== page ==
# Tetrahedrane Properties and Analogs

I took a look into some tetrahedrane (C4H4) analogs, platonic hydrocarbon, basically very strained tetrahedral geometry at every carbon. I was wondering what will be the predicted delta H of formation for the tetra nitro analog tetranitrotetrahedrane? What will be the predicted detonation velocity too? Could there be modified analogs that are even more energetic?

• I think this a great question and deserves attention. AFAIK there is no published structures where any type of tetrahedron $\ce{N4}$ unit would be present. Maybe you could briefly mention azidoazide azides to spice the things up a little. – andselisk Jul 1 '17 at 1:50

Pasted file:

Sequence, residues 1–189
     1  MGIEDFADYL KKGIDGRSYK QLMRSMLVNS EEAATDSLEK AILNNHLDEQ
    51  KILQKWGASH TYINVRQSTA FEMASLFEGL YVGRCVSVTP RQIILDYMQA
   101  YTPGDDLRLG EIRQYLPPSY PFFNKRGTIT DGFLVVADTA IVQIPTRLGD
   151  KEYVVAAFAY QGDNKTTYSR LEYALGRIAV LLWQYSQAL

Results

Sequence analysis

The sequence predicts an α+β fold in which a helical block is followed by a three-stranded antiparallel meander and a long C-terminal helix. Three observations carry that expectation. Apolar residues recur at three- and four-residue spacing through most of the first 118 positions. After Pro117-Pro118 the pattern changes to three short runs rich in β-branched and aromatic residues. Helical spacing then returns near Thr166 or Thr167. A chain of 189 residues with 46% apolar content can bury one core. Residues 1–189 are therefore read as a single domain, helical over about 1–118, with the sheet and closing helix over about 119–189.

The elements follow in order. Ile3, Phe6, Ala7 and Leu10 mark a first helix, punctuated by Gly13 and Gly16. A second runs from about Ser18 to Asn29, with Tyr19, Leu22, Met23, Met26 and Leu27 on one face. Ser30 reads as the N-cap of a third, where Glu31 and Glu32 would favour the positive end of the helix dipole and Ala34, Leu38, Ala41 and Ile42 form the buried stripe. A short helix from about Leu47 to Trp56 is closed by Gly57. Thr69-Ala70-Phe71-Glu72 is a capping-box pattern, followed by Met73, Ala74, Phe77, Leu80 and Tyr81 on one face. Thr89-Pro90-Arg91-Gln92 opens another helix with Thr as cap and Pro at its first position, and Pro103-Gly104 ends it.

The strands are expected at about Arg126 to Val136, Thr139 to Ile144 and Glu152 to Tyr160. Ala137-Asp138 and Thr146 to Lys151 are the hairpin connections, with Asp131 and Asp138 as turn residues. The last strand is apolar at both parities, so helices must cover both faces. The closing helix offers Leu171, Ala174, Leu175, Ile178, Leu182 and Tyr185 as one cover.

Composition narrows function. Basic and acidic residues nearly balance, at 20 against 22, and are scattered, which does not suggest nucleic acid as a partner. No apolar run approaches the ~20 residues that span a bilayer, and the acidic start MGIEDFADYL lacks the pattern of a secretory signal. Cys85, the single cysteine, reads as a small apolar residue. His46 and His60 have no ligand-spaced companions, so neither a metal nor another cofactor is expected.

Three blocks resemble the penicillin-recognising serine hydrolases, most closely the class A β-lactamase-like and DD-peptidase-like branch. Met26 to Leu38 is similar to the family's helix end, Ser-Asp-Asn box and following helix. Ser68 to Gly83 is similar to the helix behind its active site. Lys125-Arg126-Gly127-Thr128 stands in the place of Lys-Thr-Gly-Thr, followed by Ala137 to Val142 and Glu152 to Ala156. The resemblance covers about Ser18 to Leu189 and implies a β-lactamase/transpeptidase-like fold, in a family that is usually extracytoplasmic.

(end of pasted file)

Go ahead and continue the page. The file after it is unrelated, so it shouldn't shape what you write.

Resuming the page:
• What's "inverted tetrahedral" geometry? They're tetrahedral all right, just very strained. – Ivan Neretin Jul 1 '17 at 5:50
• Yes, you are right, its the wrong term for tetrahedrane I was thinking about another molecule when writing this (1.1.1-propellane), I corrected the question, thanks for that. – AS_1000 Jul 1 '17 at 12:51
• I read a paper a while back that computed the delta H of formation of cubane and I believe octanitrocubane. I will see if I can find that as a reference. – Tyberius Jul 2 '17 at 2:47
• Have you heard of hydrazine? It's the most relaxed compound with a $\ce{N-N}$ bond. Even for that, Wikipedia says: Hydrazine is highly toxic and dangerously unstable unless handled in solution. Considering that fact, $\ce{N-N}$ bond is too weak to form tetrahedrane molecules. – Pritt says Reinstate Monica Jul 2 '17 at 9:56